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What is better: some job or no job?

This is an old but true story of my very own.

Back in the day, I worked for a computer firm that had a unique piece of hardware and software called the Contents Addressable File Store, or CAFS for short. I was the marketing manager for this remarkable piece of technology and, for the benefit of those wondering what it was, it did this amazing thing. You see, you could store documents on the CAFS system, and it would index every word of every document.

That meant you could have megabytes of data to search in documents and it would find every word that contained the word Aborigine, for example. It was incredible and the reason I use that word search, Aborigine, is that it was purchased by the Australian courts systems for the original Aboriginal land rights debates back in the day.

Of course, you can now search gigabytes of documents on your laptop or smartphone using Cortana or Siri but hey, it’s a generation of developments and times have moved on fast.

Anyways, when I was marketing this system a large organisation based in India, who will remain nameless, came over for a visit to the Head Office to hear of my firm’s latest developments. I took great delight in presenting this new shining gadget and, half way through, the CEO stopped me saying we don’t need this. I coughed and urmmed and aahed, and asked him why. He said, and I still remember his comment:

In India, we already have a contents addressable filestore. It’s called the document archive. We have this in a large room, and it is manned by 10,000 people. Each person is responsible for two filing cabinets and we have over 5,000 filing cabinets. Any time of any day, I can walk in there and shout: “Get me all the files that contain the word ‘Aborigine’”, and people will scurry back to me in less than a few minutes with all the documents that contain that word. And that system of 1,000’s of people with 1,000’s of filing cabinets is far cheaper than what you are presenting, as we would rather keep these people employed for the few rupees they earn, than get rid of them with your damned machines.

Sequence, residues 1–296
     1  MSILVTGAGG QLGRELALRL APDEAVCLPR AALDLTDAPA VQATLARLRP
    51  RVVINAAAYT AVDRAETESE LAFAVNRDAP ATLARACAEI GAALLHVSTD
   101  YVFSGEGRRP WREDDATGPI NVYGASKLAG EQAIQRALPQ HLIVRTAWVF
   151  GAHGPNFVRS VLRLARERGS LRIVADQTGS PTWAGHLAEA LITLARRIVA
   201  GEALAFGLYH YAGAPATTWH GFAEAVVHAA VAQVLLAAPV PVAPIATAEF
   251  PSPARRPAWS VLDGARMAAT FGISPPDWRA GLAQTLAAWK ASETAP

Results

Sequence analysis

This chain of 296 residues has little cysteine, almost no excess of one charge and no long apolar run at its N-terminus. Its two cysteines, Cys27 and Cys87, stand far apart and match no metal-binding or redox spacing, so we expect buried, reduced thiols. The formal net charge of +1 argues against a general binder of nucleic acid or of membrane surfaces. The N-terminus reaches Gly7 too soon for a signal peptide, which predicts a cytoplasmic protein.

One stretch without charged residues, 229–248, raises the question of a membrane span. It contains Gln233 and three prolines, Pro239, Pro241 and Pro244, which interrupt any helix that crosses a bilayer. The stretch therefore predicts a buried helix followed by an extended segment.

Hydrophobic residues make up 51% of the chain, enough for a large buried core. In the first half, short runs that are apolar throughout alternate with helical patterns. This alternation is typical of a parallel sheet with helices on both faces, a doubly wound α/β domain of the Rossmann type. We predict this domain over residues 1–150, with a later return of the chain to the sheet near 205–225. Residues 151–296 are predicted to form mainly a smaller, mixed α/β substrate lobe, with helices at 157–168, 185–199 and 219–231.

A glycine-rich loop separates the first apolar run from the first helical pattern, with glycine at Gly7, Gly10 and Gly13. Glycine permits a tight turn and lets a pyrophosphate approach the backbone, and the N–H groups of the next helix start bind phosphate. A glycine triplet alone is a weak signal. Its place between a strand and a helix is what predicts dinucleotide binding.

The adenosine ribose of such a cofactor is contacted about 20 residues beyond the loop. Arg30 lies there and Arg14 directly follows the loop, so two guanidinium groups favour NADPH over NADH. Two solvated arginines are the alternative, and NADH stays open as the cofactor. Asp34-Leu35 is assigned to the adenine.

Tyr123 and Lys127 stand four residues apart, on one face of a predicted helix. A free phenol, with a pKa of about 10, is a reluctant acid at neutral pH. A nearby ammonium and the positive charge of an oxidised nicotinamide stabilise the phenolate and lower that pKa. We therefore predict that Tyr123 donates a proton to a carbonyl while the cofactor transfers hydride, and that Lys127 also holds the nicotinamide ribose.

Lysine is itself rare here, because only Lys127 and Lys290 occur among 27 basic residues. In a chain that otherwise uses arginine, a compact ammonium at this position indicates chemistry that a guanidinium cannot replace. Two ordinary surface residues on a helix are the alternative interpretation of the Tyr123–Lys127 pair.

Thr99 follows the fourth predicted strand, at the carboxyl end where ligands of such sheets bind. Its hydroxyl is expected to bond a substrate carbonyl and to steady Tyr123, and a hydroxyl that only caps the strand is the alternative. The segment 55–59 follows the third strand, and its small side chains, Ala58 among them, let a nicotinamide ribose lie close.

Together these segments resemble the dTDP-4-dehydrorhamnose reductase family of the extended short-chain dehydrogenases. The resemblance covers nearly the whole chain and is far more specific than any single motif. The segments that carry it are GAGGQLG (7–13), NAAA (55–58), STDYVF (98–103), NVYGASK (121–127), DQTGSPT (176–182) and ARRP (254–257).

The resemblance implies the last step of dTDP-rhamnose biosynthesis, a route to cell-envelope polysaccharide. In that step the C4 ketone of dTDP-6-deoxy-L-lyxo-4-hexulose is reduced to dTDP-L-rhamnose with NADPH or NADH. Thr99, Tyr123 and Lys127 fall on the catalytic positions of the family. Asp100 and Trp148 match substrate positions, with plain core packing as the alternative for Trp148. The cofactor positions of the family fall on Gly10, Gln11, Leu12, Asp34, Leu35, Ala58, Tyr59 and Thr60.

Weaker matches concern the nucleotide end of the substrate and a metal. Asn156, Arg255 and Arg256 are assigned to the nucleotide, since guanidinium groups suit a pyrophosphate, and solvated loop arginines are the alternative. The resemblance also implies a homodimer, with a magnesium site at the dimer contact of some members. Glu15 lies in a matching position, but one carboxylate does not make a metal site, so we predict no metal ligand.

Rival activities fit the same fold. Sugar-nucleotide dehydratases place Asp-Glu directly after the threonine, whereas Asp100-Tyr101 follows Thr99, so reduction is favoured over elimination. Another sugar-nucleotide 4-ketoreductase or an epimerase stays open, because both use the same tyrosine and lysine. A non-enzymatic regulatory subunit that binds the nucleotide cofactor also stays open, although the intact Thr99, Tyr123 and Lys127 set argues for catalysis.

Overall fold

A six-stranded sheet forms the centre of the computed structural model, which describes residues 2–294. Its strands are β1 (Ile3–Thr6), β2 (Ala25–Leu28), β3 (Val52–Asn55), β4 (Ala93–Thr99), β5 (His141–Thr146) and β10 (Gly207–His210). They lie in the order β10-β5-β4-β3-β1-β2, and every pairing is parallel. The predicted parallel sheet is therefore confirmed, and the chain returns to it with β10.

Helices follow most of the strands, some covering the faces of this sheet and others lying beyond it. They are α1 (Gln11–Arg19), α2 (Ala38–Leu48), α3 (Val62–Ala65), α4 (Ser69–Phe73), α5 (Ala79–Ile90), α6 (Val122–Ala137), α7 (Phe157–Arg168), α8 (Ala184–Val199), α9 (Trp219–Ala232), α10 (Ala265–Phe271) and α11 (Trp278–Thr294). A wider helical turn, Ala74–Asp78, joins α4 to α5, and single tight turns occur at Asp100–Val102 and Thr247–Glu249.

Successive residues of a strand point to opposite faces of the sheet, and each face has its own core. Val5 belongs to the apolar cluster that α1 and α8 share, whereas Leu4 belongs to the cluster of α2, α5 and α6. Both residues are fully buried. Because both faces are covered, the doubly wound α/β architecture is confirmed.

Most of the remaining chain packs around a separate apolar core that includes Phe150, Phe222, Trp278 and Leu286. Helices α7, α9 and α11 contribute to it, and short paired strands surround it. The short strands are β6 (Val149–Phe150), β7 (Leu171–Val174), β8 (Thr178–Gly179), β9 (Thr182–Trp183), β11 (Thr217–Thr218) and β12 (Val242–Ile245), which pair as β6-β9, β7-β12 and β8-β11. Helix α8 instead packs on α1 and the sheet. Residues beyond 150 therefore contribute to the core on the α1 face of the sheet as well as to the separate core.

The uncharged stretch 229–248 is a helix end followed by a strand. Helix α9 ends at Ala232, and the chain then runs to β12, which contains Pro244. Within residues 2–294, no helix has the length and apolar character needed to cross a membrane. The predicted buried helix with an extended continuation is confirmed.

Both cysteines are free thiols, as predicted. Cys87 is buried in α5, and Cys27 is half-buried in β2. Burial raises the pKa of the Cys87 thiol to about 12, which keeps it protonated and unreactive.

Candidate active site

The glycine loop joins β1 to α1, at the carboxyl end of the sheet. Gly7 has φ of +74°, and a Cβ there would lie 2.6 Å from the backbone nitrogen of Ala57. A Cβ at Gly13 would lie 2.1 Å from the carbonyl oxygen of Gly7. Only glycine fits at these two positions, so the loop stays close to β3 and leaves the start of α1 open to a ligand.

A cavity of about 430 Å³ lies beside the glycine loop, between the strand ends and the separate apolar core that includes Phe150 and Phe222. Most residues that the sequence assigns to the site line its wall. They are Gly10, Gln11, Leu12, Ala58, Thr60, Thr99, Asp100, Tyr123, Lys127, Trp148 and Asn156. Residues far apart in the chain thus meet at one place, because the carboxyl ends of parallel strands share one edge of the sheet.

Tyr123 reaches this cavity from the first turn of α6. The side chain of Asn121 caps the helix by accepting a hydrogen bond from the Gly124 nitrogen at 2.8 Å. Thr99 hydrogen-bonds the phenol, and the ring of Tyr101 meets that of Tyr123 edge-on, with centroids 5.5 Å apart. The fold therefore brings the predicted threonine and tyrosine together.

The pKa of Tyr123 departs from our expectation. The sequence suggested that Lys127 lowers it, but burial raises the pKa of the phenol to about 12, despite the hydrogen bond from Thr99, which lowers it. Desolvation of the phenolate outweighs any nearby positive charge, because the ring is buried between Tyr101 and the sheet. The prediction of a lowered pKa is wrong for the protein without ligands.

Lesson learned, I duly absorbed his comments into my future presentations by making it clear that if you have unlimited land storage for physical documents and unlimited human resources to look after them, then you don’t need CAFS.

Why do I share this story today?

Well, I was recently discussing artificial intelligence and a similar comment was made by a similar person. They told me that not all automation is good, and sometimes it is cheaper to keep humans in the process than to try to eliminate them with technology. They explained that human resources were cheap in their country, and they felt better about having humans doing drudge jobs than replacing them with machines if that means they would have no jobs.

It was food for thought and I still don’t know what I really think about it. I think it’s better to automate jobs that humans should not be doing, such as looking after a filing cabinet, but at the same time feel it is better if a human has some job than no job.

I will watch and wait and see how that one pans out.

 

About Chris M Skinner

Chris M Skinner
Chris Skinner is best known as an independent commentator on the financial markets through his blog, TheFinanser.com, as author of the bestselling book Digital Bank, and Chair of the European networking forum the Financial Services Club. He has been voted one of the most influential people in banking by The Financial Brand (as well as one of the best blogs), a FinTech Titan (Next Bank), one of the Fintech Leaders you need to follow (City AM, Deluxe and Jax Finance), as well as one of the Top 40 most influential people in financial technology by the Wall Street Journal’s Financial News. To learn more click here...

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